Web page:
Nokia patents a tattoo that vibrates when you get a call
Nokia is taking steps to make sure you never miss another phone call, text or email alert again: The company has filed a patent for a tattoo that would send “a perceivable impulse” to your skin whenever someone tried to contact you on the phone.
Talk about letting technology get under your skin!
According to the patent filed with the United States Patent and Trademark Office, the phone would communicate with the tattoo through magnetic waves. The phone would emit magnetic waves and the tattoo would act as a receiver. When the waves hit the tattoo, it would set off a tactile response in the user’s skin.
The patent also suggests that it would be possible to customize the physical response depending on who is calling -- similar to having a different ring tone for different family members. So if your husband calls, you might only feel a dull tingling, but if it’s your teenage daughter calling you’d feel a mighty itch.
A reporter for Unwired View, who first spotted the unusual patent filing, says it is possible to sync a phone and a tattoo through magnetic waves in a similar way we currently sync our phones with a Bluetooth.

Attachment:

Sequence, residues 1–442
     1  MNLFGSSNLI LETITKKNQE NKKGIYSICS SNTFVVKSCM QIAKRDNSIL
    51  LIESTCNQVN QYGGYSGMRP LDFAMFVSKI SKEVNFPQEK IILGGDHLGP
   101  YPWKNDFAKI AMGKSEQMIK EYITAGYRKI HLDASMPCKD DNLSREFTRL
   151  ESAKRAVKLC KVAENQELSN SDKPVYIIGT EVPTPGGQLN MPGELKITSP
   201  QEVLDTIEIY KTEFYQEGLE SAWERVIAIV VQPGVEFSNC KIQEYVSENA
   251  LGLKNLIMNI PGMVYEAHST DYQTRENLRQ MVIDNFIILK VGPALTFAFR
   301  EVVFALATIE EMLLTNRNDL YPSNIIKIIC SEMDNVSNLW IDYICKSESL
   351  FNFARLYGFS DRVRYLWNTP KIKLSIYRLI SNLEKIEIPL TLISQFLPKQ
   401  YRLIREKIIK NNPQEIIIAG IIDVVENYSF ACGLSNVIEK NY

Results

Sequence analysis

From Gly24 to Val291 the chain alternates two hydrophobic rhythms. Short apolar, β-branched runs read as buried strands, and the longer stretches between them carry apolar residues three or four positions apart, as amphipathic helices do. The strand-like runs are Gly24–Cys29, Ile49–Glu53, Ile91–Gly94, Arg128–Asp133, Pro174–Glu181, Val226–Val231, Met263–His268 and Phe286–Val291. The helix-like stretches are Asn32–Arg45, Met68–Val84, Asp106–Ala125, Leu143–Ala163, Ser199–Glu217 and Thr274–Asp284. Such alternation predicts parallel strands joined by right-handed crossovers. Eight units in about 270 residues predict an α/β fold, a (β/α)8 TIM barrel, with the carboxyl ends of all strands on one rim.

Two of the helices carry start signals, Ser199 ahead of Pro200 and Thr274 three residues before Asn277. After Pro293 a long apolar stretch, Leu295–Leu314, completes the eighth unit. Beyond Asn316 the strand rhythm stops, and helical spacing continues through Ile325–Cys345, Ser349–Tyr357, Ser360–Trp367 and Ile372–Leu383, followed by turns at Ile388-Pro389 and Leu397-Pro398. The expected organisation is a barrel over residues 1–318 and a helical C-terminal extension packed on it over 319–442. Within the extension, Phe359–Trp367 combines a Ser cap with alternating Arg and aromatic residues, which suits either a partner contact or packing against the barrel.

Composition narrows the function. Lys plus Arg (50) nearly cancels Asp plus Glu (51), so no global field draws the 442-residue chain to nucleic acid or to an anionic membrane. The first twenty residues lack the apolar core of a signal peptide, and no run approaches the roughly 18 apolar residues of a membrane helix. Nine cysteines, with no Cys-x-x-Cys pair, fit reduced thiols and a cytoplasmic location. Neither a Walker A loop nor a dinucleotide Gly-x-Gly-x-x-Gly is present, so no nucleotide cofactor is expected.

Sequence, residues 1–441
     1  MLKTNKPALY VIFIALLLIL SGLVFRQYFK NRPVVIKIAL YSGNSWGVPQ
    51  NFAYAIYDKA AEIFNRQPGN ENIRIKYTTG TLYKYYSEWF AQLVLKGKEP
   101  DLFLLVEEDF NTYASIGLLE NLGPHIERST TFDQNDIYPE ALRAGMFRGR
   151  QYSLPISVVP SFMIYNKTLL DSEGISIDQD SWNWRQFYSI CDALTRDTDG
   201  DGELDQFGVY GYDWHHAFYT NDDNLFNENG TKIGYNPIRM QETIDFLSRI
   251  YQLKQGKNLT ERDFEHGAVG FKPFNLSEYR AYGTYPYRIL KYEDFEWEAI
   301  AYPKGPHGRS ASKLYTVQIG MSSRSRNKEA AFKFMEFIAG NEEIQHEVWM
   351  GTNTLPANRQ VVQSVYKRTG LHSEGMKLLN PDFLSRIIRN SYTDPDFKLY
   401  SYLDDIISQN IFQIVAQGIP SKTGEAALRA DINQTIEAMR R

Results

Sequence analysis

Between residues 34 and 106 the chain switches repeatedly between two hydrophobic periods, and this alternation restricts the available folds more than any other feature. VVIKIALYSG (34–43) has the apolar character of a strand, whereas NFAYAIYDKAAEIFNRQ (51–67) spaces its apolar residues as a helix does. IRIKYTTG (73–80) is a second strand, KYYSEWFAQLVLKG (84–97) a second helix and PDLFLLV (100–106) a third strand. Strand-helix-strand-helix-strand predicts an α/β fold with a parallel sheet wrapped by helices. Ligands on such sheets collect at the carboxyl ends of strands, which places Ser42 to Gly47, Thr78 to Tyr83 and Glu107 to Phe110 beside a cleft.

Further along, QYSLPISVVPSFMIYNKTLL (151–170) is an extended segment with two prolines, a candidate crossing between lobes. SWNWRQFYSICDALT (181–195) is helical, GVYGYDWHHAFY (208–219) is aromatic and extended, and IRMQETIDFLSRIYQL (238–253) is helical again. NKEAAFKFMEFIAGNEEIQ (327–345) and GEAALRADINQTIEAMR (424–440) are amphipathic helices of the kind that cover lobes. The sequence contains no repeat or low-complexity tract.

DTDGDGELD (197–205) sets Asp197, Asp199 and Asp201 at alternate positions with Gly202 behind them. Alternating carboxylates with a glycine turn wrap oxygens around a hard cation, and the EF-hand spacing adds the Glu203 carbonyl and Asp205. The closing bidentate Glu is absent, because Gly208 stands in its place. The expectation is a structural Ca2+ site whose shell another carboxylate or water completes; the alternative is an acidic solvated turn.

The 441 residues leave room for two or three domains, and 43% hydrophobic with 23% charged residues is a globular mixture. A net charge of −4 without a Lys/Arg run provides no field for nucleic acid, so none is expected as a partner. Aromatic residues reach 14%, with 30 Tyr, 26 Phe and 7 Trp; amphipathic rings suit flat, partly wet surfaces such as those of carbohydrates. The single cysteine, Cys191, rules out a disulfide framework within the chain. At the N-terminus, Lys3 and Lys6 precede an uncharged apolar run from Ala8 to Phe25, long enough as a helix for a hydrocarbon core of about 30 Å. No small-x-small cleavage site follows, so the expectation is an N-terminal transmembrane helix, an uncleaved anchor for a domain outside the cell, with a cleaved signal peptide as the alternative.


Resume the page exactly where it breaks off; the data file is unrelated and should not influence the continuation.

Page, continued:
After all, you don’t want everyone’s tattoo vibrating just because your mom remembered one more thing she wanted to tell you.
To make the magnetized tattoo, Nokia’s patent suggests using ferromagnetic ink, which is ink that includes compounds like iron or iron oxide.
Before going in the user’s skin, the ink is heated to a high temperature to temporarily demagnetize it. After getting the tattoo, the user remagnetizes it by repeatedly running a magnet over tattooed spot.
In the patent filing, Nokia also proposes a slightly less invasive version of this technology, which would include a magnetic receiver that could be worn on the skin like a sticker, but would also vibrate when the phone rings.
The view from Sacramento
Sign up for the California Politics newsletter to get exclusive analysis from our reporters.
You may occasionally receive promotional content from the Los Angeles Times.